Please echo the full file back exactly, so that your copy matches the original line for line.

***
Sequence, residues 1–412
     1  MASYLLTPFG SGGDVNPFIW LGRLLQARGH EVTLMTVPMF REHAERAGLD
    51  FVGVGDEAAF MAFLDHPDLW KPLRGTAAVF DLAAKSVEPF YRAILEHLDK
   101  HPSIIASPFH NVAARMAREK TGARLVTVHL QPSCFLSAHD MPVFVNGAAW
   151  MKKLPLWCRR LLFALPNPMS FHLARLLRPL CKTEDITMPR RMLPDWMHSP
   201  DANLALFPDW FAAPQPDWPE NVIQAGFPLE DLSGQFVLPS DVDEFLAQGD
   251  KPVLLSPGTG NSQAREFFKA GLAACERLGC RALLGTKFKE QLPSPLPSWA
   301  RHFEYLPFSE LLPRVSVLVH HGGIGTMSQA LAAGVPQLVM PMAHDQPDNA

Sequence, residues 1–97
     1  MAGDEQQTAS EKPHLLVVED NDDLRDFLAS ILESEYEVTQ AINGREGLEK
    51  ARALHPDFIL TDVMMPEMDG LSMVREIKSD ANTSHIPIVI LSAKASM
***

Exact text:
Sequence, residues 1–412
     1  MASYLLTPFG SGGDVNPFIW LGRLLQARGH EVTLMTVPMF REHAERAGLD
    51  FVGVGDEAAF MAFLDHPDLW KPLRGTAAVF DLAAKSVEPF YRAILEHLDK
   101  HPSIIASPFH NVAARMAREK TGARLVTVHL QPSCFLSAHD MPVFVNGAAW
   151  MKKLPLWCRR LLFALPNPMS FHLARLLRPL CKTEDITMPR RMLPDWMHSP
   201  DANLALFPDW FAAPQPDWPE NVIQAGFPLE DLSGQFVLPS DVDEFLAQGD
   251  KPVLLSPGTG NSQAREFFKA GLAACERLGC RALLGTKFKE QLPSPLPSWA
   301  RHFEYLPFSE LLPRVSVLVH HGGIGTMSQA LAAGVPQLVM PMAHDQPDNA

Sequence, residues 1–97
     1  MAGDEQQTAS EKPHLLVVED NDDLRDFLAS ILESEYEVTQ AINGREGLEK
    51  ARALHPDFIL TDVMMPEMDG LSMVREIKSD ANTSHIPIVI LSAKASM